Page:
A town will fall silent today to mark the 20th anniversary of the murder of two boys in an IRA outrage.
Tim Parry, 12, and three-year-old Johnathan Ball were killed when two bombs exploded in litter bins in Warrington, Cheshire, on March 20, 1993.
A further 56 people were injured in the attack on Bridge Street in the town centre.
No warning was given and nobody has ever been prosecuted for the outrage, which took place the day before Mothering Sunday.
A minute silence will be observed throughout Warrington at 12.27pm today, the exact time of the bombing.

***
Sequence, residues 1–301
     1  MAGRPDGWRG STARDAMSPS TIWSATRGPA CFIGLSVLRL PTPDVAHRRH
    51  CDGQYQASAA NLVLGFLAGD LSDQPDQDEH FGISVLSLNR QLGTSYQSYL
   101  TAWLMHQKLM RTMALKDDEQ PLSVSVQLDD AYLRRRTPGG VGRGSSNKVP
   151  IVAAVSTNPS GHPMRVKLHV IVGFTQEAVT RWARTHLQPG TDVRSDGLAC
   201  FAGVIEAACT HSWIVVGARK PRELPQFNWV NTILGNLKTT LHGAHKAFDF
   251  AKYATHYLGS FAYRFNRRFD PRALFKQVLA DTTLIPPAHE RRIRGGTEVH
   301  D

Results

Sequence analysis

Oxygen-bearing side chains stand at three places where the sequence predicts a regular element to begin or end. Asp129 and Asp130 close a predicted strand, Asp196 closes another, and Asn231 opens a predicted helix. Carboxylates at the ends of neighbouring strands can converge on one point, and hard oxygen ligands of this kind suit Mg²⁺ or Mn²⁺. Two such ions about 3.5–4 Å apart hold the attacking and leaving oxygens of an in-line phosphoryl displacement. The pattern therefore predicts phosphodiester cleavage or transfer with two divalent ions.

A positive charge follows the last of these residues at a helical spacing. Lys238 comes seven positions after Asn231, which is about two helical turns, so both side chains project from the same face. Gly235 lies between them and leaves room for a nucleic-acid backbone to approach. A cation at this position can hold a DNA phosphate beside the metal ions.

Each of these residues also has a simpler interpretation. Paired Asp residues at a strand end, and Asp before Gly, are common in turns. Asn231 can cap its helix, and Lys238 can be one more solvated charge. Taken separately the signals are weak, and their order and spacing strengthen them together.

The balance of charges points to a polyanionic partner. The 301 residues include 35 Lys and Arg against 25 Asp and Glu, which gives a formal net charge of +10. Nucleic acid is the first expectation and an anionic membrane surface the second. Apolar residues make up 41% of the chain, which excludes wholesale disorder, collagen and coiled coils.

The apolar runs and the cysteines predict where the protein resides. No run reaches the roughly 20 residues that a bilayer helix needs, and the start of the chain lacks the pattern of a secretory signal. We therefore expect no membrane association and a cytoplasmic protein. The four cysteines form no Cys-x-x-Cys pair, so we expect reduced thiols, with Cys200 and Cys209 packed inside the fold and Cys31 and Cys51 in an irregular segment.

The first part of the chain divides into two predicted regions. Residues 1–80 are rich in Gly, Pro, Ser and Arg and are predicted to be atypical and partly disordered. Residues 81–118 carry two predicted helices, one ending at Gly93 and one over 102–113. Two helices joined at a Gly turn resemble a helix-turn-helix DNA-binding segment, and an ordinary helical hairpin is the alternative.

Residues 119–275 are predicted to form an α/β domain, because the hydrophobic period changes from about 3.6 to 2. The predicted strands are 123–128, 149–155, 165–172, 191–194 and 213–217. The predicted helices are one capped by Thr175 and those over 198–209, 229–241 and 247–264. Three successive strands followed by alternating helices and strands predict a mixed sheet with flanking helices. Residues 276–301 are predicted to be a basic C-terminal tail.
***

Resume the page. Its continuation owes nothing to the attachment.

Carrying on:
It follows a civic service of remembrance which took place in Bridge Street on Saturday.
Cllr Mike Hannon, deputy leader of Warrington Council, said: "Today is the anniversary and we believe it is important to reach out and to take time out of our busy lives on this important day to remember, reflect and support each other."
The anniversary is also being marked today at the Tim Parry Johnathan Ball Foundation for Peace, which was set up by Tim's parents, Colin and Wendy, in the aftermath of the tragedy.
The charity is hosting a conference entitled The Cost of Peace and the Price of Extremism.
Mr Parry will be among the speakers, who also include Baroness Newlove, the widow of murdered Garry Newlove who now campaigns for victims' rights, and Graham Foulkes, whose son David died in the July 7, 2005 bombings in London.